Winston-Salem Field Sobriety Test Lawyer

Winston-Salem Field Sobriety Test Attorney

These tests were developed by the NHTSA to be administered in a standardized manner to obtain indicators of impairment and establish probable cause for arrest. Experienced field sobriety tests lawyer at The Law Offices of J. Scott Smith, PLLC can provide the necessary legal assistance in these situations. These tests may help establish if the driver has a .08 BAC (blood alcohol concentration) or higher.

The Three Standardized Roadside DWI Tests In Winston-Salem, NC

The National Highway Traffic Safety Administration (NHTSA) along with the Southern California Research Institute in 1981, and again in 1998, established this set of roadside tests to help law enforcement determine if a motor vehicle driver was impaired. A skilled DWI Lawyer can help you understand and challenge these tests in court. In putting together these testing standards the following was observed:

  • The Horizontal Gaze Nystagmus test (HGN) – If the officer observed four or more clues in the driver, 88% of the time the driver was a .08 BAC or higher
  • The Walk-and-Turn test (WAT) – If the officer observed two or more clues in the driver, 79% of the time the driver was a .08 BAC or higher
  • One-Leg Stand test (OLS) – If the officer observed two or more clues in the driver, 83% of the time the driver was a .08 BAC or higher.

By administering all three tests combined, based on these standards, there was a 91% accuracy rate in finding that the driver was impaired and was over the legal BAC limit.

Below you will find a full breakdown of each of the standardized tests and what the officers are checking for.

The Horizontal Gaze Nystagmus Test (HGN)

The officer is looking for a total of six clues, or three in each eye, when administering the Horizontal Gaze Nystagmus test or HGN test. The officer will first check for equal size and tracking, and then he checks for lack of smooth pursuit, distinct nystagmus at maximum deviation, and onset of nystagmus prior to 45 degrees. Here’s how the test is supposed to be done:

  • Remove eyeglasses
  • Check pupils for equal size
  • Check eyes to ensure they both track stimulus equally
  • Begin with the left eye
  • Check each eye independently
  • Hold stimulus 12-15 inches in front of the nose
  • Check for a lack of smooth pursuit (center to side in 2 seconds)
  • Check both eyes twice to confirm observations
  • Check for distinct nystagmus at maximum deviation (hold at maximum deviation for a minimum of 4 seconds each time, nystagmus must be distinct and sustained)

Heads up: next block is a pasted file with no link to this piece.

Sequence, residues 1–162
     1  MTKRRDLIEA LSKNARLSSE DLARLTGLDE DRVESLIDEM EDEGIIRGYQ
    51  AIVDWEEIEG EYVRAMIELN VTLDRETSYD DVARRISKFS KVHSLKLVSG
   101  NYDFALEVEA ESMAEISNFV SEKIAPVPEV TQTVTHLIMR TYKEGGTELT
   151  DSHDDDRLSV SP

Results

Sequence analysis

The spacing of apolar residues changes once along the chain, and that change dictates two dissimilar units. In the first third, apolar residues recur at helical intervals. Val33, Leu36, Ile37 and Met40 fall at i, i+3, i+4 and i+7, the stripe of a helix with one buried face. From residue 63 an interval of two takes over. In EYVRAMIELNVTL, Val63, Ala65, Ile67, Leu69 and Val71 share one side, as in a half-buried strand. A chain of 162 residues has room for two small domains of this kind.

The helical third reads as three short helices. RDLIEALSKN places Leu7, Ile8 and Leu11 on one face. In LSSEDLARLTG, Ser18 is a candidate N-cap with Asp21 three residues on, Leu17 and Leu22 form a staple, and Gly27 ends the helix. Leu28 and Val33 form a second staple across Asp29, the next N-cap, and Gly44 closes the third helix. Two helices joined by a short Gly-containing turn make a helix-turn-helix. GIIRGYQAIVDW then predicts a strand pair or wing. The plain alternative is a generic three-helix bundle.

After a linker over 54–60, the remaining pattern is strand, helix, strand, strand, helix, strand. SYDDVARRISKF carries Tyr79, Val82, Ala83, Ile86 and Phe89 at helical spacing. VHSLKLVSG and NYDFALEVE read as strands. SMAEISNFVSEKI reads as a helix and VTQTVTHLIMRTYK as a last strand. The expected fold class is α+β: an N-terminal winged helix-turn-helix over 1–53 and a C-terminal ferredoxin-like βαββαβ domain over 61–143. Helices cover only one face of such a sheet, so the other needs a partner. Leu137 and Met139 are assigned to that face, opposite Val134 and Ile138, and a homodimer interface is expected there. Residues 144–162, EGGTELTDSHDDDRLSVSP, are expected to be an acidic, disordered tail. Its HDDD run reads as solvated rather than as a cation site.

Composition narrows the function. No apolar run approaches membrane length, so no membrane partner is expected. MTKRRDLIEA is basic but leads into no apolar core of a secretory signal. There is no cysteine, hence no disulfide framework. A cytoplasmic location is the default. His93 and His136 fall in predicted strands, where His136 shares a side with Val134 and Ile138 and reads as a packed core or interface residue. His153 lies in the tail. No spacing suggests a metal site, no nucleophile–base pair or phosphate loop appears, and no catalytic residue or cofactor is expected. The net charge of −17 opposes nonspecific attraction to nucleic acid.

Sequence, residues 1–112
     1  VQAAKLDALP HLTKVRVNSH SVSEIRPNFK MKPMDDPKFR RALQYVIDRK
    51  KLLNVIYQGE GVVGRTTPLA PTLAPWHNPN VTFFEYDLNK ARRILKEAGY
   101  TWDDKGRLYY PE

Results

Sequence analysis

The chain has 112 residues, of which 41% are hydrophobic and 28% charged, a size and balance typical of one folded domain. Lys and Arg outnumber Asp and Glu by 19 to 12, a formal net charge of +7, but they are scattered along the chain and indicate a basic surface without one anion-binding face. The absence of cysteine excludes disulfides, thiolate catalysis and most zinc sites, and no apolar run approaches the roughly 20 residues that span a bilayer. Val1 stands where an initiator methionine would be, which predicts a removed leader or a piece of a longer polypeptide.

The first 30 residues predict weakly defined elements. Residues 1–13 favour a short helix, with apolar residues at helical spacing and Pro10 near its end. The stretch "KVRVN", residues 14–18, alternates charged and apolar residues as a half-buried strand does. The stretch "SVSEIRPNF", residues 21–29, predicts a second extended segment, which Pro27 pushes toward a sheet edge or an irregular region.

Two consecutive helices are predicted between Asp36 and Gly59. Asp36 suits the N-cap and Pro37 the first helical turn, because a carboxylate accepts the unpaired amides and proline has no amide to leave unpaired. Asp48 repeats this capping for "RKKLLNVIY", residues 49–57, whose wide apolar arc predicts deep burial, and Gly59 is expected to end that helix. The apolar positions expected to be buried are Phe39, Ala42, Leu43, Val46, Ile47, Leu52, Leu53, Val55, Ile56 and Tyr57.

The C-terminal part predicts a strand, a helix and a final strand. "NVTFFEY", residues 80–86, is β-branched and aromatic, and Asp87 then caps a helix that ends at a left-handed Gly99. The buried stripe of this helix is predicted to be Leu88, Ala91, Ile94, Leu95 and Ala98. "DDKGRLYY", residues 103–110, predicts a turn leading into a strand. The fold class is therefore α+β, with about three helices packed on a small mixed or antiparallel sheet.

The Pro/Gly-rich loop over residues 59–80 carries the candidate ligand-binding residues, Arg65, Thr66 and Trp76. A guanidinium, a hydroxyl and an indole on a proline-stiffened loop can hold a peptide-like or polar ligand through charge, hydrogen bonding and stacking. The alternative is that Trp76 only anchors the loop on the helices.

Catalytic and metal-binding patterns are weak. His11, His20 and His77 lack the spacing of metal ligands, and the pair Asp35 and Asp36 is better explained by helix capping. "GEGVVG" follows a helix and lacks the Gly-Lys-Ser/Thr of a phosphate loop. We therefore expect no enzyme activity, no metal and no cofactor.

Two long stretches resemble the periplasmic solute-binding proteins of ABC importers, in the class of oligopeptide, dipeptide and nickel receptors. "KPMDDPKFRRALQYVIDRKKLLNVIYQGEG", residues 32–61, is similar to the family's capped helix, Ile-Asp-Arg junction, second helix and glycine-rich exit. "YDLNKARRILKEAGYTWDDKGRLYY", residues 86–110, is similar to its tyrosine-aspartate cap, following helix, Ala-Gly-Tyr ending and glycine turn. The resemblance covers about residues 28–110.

• Check both eyes twice to confirm observations

Part of the HGN test is the Vertical Gaze Nystagmus test or VGN. This test is done last. NHTSA has said “Vertical nystagmus was not examined in the original research that led to the validation of the SFST battery.”

The Vertical Gaze Nystagmus should be administered as follows:

  • Position stimulus 12-15 inches from nose
  • Raise stimulus until the subject’s eyes are elevated as far as possible
  • Hold for approximately 4 seconds

The Walk-And-Turn Test (WAT)

As the name implies, the Walk-and-Turn test or WAT is a walking test. The police look for a total of 8 clues in this test:

  • Can’t balance during instructions
  • Starts too soon
  • Stops
  • Misses heel to toe by 1/2 inch or more
  • Steps off the line
  • Uses arms for balance
  • Turns incorrectly
  • Wrong number of steps

While the NHTSA has said these tests are not pass/fail tests, if the officer observes two or more clues on the WAT the officer will conclude that you did not perform the test to his or her satisfaction.

The test is usually administered as follows:

  • Instruction stage: left foot on the line, right foot directly in front of left foot with heel touching toe.
  • Do not move from this position until told to do so.
  • Do you understand?
  • Walking stage – When told to begin, take nine steps heel touching toe, when you reach your ninth step, leave your lead foot on the line and turn making a series of small steps, and then return nine steps heel to toe. While you are doing this, keep your hands at your side, watch your feet at all times, count out loud, and don’t stop until you’ve completed the test.
  • Do you understand these directions?

The NHTSA has stated, “The original research indicated that individuals over 65 years of age, back, leg or inner ear problems had difficulty performing this test. Individuals wearing heels more than two inches high should be given the opportunity to remove their shoes.”

The One-Leg Stand Test (OLS)

The One-Leg Stand test or OLS is a timed test. The officer is looking for a total of four clues:

  • Sway
  • Arms to balance
  • Hops
  • Puts foot down

Again the police observe two or more clues in this test you will not have completed it to his or her satisfaction. The test is administered as follows:

  • Instruction stage – Stand with feet together and arms at side, don’t move from this position until told to do so.
  • Do you understand?
  • Raise either foot of your choice approximately six inches off the ground keeping foot pointed.
  • Keep both legs straight.
  • Look at your elevated foot.
  • Count out loud: one thousand one, one thousand two, and so on until told to stop.
  • Officer must time for 30 seconds.

Our Winston-Salem Field Sobriety Test Lawyers are Ready To Help!

You need a lawyer that understands this battery of standardized tests. Our DWI lawyers have successfully completed the NHTSA Standardized Field Sobriety Tests 24-hour course, the same training the police officers receive. Contact The Law Offices of J. Scott Smith, PLLC, for your free DWI consultation by calling 336-992-3600 today. You can also reach the firm using the online contact form.

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